THE prospects of reopening the Dunfermline to Kincardine rail line to passenger services will be outlined in a report which goes before councillors tomorrow (Friday).

The report, prepared by engineering consultants Scott Wilson, for the South East of Scotland Transport Partnership (SEStran), examines four options for reopening the line: l Option A - using the existing line from Alloa to Rosyth with passenger and freight services, with stops at Clackmannan, Kincardine and Cairneyhill and the Charlestown Chord in place. Services could be run hourly as an extension of the Glasgow-Stirling-Alloa service to Edinburgh and vice versa; l Option B - as for option A but without the Charlestown Chord, which would require a switch-back operation and an additional rail service time of 15 minutes; l Option C - using the existing line for freight, with a new express bus service along the A985, stopping at Clackmannan, Kincardine, Cairneyhill and onto Edinburgh; l Option D - as for Option C but with a new express bus service along the A907, with stops at Clackmannan, Oakley and onto Edinburgh.

The report recommends Option A, identifying it as the most cost-effective, followed by Option B.

It adds that upgrading the line would cost £65 million and recommends that if Option A was taken forward, an operational assessment should be carried out to assess train path availability, as there is a shortage of rail capacity on the approaches to Edinburgh, and its possible impact upon journey times.

The reopening of the line is one of several proposals by SEStran which examine the improvement of "passenger transport connectivity" in south-east Scotland.

As the project is not listed for Scottish Government funding, the report states "it would ... be prudent for SEStran, together with Fife and Clackmannanshire, to engage in serious discussion with Transport Scotland how this project may sit relative to current STPR (Strategic Project Review) projects and what proposals there may be to review the STPR".

Councillor Tony Martin, chair of Fife Council's environment, enterprise and transportation committee, said the link would be an "important transport junction".

He added, "It'd be very important for Fife if we could link Kincardine back in with Dunfermline and that obviously helps with Rosyth as well. There are lots of benefits if this were to be done.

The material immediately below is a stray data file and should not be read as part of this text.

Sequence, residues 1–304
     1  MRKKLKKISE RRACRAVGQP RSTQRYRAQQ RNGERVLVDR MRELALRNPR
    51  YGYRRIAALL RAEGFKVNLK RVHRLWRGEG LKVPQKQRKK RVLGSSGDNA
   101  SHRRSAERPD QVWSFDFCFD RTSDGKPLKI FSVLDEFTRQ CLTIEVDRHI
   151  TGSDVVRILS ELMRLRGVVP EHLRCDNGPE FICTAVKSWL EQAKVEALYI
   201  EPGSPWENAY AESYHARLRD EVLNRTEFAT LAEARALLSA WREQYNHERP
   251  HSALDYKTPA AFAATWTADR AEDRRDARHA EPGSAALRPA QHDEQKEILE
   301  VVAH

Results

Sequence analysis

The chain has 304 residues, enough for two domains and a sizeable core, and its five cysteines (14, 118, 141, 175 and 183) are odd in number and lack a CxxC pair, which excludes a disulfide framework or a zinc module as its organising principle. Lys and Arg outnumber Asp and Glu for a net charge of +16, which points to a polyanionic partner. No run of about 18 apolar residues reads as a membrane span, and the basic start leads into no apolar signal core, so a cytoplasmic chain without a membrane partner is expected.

"Unfortunately it's another thing in that long list of transport things that you want to get done.

"Funding for the second Forth crossing has still not been sorted out and we know that nothing else will happen until after that is paid for. That's 2017.

"Having said that we never thought that this would be viable for another 10 years so it does give us time to get funding packages together.

"The most important thing is that it really means that the rail line that goes into Rosyth Dockyard has got a link into a line apart from Inverkeithing so it makes it two ways.

"It means people from Dunfermline could get a link all the way to Glasgow. It's a pretty long way to go but it could be done and that's a good thing." West Fife Villages SNP councillor Bill Walker said he "wholeheartedly welcomed" the news, saying there was a positive case for reopening and upgrading the line.

He said, "The line would have to be technically upgraded but this has already been done between Alloa and Kincardine for coal trains delivering to Longannet power station.

"The study also proposes opening rail stops at Kincardine, Cairneyhill and perhaps in Fife elsewhere, with a chord built at Charlestown so that trains can travel to and from Rosyth and beyond to Edinburgh without having to shunt into Dunfermline.

"The upgraded line is also envisaged as providing integrated links to Rosyth ferry port and the proposed container port at the west side of Rosyth.

"Commercially this makes excellent sense for freight and, in addition to getting traffic off the roads, would provide convenient links for passengers." He added, "The recently reopened line from Alloa to Stirling and beyond has resulted in passenger usage through to Glasgow being four times higher than that originally planned.

"The report suggests that the hourly direct Glasgow passenger service could be extended right through to Kincardine, Cairneyhill and Rosyth.

"Fife commuters would benefit plus this would also help to attract visitors into Fife.

"I sincerely hope that all West Fifers will get behind these moves to help improve our transport connections, the environment and the economic benefits that a revitalised railway line will bring."